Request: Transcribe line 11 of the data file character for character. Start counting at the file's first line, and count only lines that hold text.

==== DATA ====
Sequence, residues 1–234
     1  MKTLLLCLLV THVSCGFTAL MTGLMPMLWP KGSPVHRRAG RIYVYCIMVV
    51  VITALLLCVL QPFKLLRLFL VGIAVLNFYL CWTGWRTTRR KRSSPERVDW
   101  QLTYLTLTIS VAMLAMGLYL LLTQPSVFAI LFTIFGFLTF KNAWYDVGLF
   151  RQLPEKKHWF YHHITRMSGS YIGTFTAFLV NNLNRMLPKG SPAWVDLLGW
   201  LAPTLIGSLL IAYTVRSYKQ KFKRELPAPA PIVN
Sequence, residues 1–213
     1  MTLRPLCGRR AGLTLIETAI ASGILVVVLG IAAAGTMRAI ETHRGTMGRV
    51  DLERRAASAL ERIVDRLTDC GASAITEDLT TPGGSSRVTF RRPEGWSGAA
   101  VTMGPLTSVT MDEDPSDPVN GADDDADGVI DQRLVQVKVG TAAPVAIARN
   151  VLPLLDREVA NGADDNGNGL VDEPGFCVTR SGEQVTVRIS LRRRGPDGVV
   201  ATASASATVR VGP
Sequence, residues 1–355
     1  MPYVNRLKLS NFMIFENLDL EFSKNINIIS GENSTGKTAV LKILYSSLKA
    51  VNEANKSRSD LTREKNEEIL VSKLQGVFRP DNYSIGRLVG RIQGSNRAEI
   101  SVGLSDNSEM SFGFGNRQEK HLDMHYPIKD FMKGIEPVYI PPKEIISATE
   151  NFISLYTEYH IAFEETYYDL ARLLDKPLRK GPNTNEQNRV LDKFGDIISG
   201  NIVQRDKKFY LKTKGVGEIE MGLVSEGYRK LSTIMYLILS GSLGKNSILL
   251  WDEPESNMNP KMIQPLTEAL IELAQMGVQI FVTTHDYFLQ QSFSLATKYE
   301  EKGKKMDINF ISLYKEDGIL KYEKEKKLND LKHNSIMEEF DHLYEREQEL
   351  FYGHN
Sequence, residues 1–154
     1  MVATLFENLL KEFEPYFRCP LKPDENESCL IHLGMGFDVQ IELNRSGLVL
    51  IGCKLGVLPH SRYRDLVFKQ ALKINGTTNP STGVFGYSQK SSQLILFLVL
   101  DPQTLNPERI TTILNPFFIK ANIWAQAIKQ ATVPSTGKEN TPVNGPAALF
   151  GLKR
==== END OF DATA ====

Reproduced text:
   151  VLPLLDREVA NGADDNGNGL VDEPGFCVTR SGEQVTVRIS LRRRGPDGVV